%% Matlab as a Graphing Scientific Calculator, Part I %% Introduction % % In this lab, we will explore the features of Matlab that allow you to do % many of the simple tasks that you might have previously done on a % scientific calculator. %

% For Parts II and III of this lab, use the following links. % % %% Guide to lab exercises % % Here is the color coding for the exercises you will find on this page. %   % Help on a topic is shown in % green as %   %
% >> help sin
% sin    Sine of argument in radians.
%     sin(X) is the sine of the elements of X.
% ...............
% 
% % %% % % Numerical input is shown in % blue and the output is shown in % white as % 1+1 %% % % Matlab keywords such as help, sin, sqrt, and many % other reserved words will also be shown in white. % %% % % And if the output of a command is too long to print here, we will use %   %
% ...............
% 
% %% Getting help in Matlab % % The most useful topics for Lab 1 are % below. Try these out at the command prompt by typing % help followed by a topic. %
%
% >> help arith
%  Arithmetic operators.
%   +   Plus.
%       X + Y adds matrices X and Y.  X and Y must have the same
%       dimensions unless one is a scalar (a 1-by-1 matrix).
%       A scalar can be added to anything.  
% .............
% 
% %% % % for help on elementary arithmetic operations and associated % symbols, %   %
% >> help elfun
%   Elementary math functions.
%  
%   Trigonometric.
%     sin         - Sine.
%     sind        - Sine of argument in degrees.
%     sinh        - Hyperbolic sine.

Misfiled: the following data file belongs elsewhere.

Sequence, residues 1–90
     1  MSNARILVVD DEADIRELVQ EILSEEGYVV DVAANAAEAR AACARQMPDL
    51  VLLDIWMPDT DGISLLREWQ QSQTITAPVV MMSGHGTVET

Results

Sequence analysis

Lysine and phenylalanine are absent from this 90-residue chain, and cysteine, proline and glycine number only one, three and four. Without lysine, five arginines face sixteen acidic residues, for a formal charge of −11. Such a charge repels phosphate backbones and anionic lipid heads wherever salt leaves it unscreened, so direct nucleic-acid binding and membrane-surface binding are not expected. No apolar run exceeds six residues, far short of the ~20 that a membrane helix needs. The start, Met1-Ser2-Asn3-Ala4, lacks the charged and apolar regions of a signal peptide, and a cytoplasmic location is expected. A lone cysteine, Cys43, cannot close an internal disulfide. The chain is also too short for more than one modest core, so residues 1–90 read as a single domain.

%     asin        - Inverse sine.
% .............
% 
% %% % % For help on changing the default formatting behavior, %   %
% >> help format
%  format Set output format.
%     format with no inputs sets the output format to the default appropriate
%     for the class of the variable. For float variables, the default is
%     format SHORT.
% .............
% 
% %% % %

Here is how you can get general help. %

% >> help
% help
% HELP topics:
%  
% ....................
% matlab/demos                   - Examples and demonstrations.
% matlab/graph2d                 - Two dimensional graphs.
% matlab/graph3d                 - Three dimensional graphs.
% matlab/graphics                - Handle Graphics.
% matlab/plottools               - Graphical plot editing tools 
% matlab/scribe                  - Annotation and Plot Editing.
% matlab/specgraph               - Specialized graphs.
% matlab/uitools                 - Graphical user interface components and tools
% toolbox/local                  - General preferences and configuration information.